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On July 14, the FTC announced an $18 million settlement with a financial services company (defendant) over allegations that it deceived consumers. The FTC originally filed a complaint in 2018 claiming, among other things, that the defendant violated the FTC Act, the Privacy of Consumer Financial Information Rule, and the Gramm-Leach-Bliley Act, by falsely advertising loans with “no hidden fees” and misleading consumers with respect to whether their loan applications had been approved. The complaint also alleged that the defendant withdrew double payments from consumers’ accounts and continued to charge consumers who cancelled automatic payments or paid off their loan, leading to overdraft fees and preventing borrowers from making other payments. Under the terms of the stipulated final order, the defendant is permanently barred from (i) misrepresenting fee amounts, the status of an application, and other material facts concerning any extension of credit; and (ii) making any representation about a specific loan amount prior to accepting a loan application, without clear and conspicuous disclosure of the dollar amount of any prepaid, up-front, or origination fee or the total amount of funds that would be disbursed to the consumer.
- The TRID Rule covers a loan if it: “[i] is made by a creditor as defined in § 1026.2(a)(17); [ii] is secured in full or in part by real property or a cooperative unit; [iii] is a closed-end, consumer credit (as defined in § 1026.2(a)(12)) transaction; [iv] is not exempt for any reason listed in § 1026.3; and [v] is not a reverse mortgage subject to § 1026.33.”
- Regulation Z exempts certain mortgage loans from the TRID disclosure requirements (i.e., providing the LE and CD) (the “Partial Exemption”). This exemption covers certain subordinate housing assistance loans. To qualify, “a transaction must meet all of the following criteria: [i] the transaction is secured by a subordinate-lien; [ii] the transaction is for the purpose of a down payment, closing costs, or other similar home buyer assistance, such as principal or interest subsidies; property rehabilitation assistance; energy efficiency assistance; or foreclosure avoidance or prevention; [iii] the credit contract provides that it does not require the payment of interest; [iv] the credit contract provides that repayment of the amount of credit extended is: forgiven either incrementally or in whole, deferred for at least 20 years after the transaction, or until the sale of the property, or until the property securing the transaction is no longer the consumer’s principal dwelling; [v] the total of costs payable by the consumer in connection with the transaction only include recording fees, transfer taxes, a bona fide and reasonable application fee, and a bona fide and reasonable fee for housing counseling services[;] the application fee and housing counseling services fee must be less than one percent of the loan amount; [and] [iv] the creditor provides either the Truth-in-Lending (TIL) disclosures or the Loan Estimate and Closing Disclosure[.] Regardless of which disclosures the creditor chooses to provide, the creditor must comply with all Regulation Z requirements pertaining to those disclosures.”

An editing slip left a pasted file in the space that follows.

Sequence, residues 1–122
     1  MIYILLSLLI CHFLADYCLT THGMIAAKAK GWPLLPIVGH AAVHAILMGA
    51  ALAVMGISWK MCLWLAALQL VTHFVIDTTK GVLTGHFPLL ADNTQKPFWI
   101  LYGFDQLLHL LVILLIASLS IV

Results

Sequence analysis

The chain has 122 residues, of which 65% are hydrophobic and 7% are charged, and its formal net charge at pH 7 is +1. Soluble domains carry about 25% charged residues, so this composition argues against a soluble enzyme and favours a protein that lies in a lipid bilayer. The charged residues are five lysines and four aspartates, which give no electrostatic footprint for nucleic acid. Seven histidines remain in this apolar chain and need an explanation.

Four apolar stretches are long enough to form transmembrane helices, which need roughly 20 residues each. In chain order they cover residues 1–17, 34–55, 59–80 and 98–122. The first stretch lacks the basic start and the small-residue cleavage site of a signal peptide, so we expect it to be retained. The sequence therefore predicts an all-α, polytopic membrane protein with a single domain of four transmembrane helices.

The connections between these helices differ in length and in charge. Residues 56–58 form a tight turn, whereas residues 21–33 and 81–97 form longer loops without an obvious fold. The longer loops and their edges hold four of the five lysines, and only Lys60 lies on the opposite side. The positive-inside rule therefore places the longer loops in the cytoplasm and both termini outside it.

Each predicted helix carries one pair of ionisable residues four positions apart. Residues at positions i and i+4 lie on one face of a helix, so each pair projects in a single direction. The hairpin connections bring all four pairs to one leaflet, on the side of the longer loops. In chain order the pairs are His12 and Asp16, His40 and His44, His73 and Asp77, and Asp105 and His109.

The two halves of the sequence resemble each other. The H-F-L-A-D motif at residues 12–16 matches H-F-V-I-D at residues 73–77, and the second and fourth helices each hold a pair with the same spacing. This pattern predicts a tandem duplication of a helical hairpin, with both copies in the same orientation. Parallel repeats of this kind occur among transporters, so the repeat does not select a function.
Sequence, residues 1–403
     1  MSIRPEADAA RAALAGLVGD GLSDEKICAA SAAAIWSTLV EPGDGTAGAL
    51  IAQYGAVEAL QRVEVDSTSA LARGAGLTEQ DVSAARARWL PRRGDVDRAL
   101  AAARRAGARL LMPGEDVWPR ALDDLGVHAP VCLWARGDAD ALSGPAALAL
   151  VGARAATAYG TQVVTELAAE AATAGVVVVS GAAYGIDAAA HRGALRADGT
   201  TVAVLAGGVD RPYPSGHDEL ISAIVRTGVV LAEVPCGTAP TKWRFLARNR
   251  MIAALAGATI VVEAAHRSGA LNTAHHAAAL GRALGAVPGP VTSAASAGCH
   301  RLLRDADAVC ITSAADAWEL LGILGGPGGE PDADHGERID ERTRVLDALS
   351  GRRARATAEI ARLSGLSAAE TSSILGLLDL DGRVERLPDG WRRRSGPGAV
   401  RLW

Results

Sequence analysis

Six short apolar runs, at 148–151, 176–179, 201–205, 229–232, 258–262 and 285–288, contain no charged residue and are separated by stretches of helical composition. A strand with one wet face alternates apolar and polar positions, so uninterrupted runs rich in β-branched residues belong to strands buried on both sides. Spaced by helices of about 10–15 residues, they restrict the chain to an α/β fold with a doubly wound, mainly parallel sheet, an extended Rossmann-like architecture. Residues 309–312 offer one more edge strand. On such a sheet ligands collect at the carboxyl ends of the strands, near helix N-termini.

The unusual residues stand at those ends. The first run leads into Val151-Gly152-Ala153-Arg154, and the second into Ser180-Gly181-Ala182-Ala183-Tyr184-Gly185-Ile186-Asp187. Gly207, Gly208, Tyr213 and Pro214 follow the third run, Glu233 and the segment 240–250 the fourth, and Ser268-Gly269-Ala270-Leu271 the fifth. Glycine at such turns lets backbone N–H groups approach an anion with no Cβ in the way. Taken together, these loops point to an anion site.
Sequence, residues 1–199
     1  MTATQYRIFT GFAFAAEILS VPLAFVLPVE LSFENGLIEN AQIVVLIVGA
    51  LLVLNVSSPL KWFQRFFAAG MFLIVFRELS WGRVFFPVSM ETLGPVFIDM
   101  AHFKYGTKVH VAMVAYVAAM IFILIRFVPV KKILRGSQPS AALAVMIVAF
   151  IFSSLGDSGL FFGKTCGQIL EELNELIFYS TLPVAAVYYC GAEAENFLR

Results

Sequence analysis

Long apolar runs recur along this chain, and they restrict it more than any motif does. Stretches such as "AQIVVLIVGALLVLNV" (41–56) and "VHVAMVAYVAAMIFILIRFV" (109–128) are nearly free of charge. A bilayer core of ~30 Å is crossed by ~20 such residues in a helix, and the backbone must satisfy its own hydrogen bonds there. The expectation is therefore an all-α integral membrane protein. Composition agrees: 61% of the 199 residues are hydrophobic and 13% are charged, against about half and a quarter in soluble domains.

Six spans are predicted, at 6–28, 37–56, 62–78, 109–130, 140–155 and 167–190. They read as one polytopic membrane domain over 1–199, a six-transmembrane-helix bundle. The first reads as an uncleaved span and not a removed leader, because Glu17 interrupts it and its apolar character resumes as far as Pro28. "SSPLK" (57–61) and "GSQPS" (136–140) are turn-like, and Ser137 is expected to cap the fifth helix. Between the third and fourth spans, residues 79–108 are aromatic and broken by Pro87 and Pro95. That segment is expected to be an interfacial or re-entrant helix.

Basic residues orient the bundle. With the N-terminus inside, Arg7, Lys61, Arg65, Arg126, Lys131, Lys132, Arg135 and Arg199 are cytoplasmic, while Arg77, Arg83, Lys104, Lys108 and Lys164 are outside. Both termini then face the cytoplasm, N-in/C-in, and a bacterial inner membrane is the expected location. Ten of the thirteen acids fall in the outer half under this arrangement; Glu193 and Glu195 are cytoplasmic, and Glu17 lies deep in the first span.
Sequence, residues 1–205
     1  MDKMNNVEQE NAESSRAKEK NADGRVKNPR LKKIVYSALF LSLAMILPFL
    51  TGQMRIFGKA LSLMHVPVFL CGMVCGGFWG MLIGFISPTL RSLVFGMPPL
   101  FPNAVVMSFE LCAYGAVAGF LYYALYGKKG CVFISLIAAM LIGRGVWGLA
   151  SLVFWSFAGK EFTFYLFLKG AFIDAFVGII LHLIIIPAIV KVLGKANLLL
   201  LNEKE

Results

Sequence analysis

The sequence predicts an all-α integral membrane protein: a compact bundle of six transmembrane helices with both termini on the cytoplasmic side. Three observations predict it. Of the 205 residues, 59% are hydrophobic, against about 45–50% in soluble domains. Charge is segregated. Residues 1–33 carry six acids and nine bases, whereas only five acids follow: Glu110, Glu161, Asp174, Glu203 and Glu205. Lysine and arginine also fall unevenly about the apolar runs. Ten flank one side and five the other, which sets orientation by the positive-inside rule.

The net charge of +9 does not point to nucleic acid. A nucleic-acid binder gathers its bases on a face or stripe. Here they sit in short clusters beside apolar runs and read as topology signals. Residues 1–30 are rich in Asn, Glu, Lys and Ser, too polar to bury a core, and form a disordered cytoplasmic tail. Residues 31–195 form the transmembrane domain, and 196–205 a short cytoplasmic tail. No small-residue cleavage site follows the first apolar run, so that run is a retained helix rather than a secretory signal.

- The BUILD Act includes a partial statutory exemption from the TRID disclosure requirements for similar transactions. To qualify for the Partial Exemption from the TRID disclosure requirements under the BUILD Act, the loan must be a residential mortgage loan, offered at a 0 percent interest rate, have only bona fide and reasonable fees, and be primarily for charitable purposes and be made by an organization described in Internal Revenue Code section 501(c)(3) and exempt from taxation under section 501(a) of that Code.
- If a housing assistance loan creditor opts for one of the partial exemptions under either the Regulation Z Partial Exemption or under the BUILD Act, they are excused from the requirement to provide the Loan Estimate and Closing Disclosure for that transaction. The Partial Exemption under Regulation Z does not excuse the creditor from providing certain other disclosures required by Regulation Z. If the creditor qualifies for the exemption under the BUILD Act, they have the option to provide the GFE, HUD-1 and Truth In Lending disclosures in lieu of the LE and CD at the creditor’s discretion.
- Jeffrey P. Naimon to provide “Fair lending update” at the Colorado Mortgage Lenders Association Operational and Compliance Forum
- Jonice Gray Tucker to discuss “Justice for all: Achieving racial equity through fair lending” at CBA Live
- Warren W. Traiger to discuss “On the horizon for CRA modernization” at CBA Live
- APPROVED Webcast: Strategy & Technology: A dynamic duo for successful regulatory exams
- Daniel R. Alonso to discuss “Primer on cross-border prosecutions in Argentina, Brazil, Colombia, and Mexico for U.S. criminal lawyers” at a New York City Bar Association webinar
- Jonice Gray Tucker to discuss "Fair lending" at the Mortgage Bankers Association Regulatory Compliance Conference
- Michelle L. Rogers to discuss “State law regulatory and enforcement trends” at the Mortgage Bankers Association Regulatory Compliance Conference
- Jonice Gray Tucker to discuss “Government investigations, and compliance 2021 trends” at the Corporate Counsel Women of Color Career Strategies Conference
- Max Bonici to discuss “BSA/AML trends: What to expect with the implementation of the AML Act of 2020” at the American Bar Association Banking Law Fall Meeting
- H Joshua Kotin to discuss “Modifications and exiting forbearance” at the National Association of Federal Credit Unions Regulatory Compliance Seminar
- Jonice Gray Tucker to discuss “Fintech trends” at the BIHC Network Elevating Black Excellence Regional Summit
- Jonice Gray Tucker to discuss "Consumer financial services" at the Practising Law Institute Banking Law Institute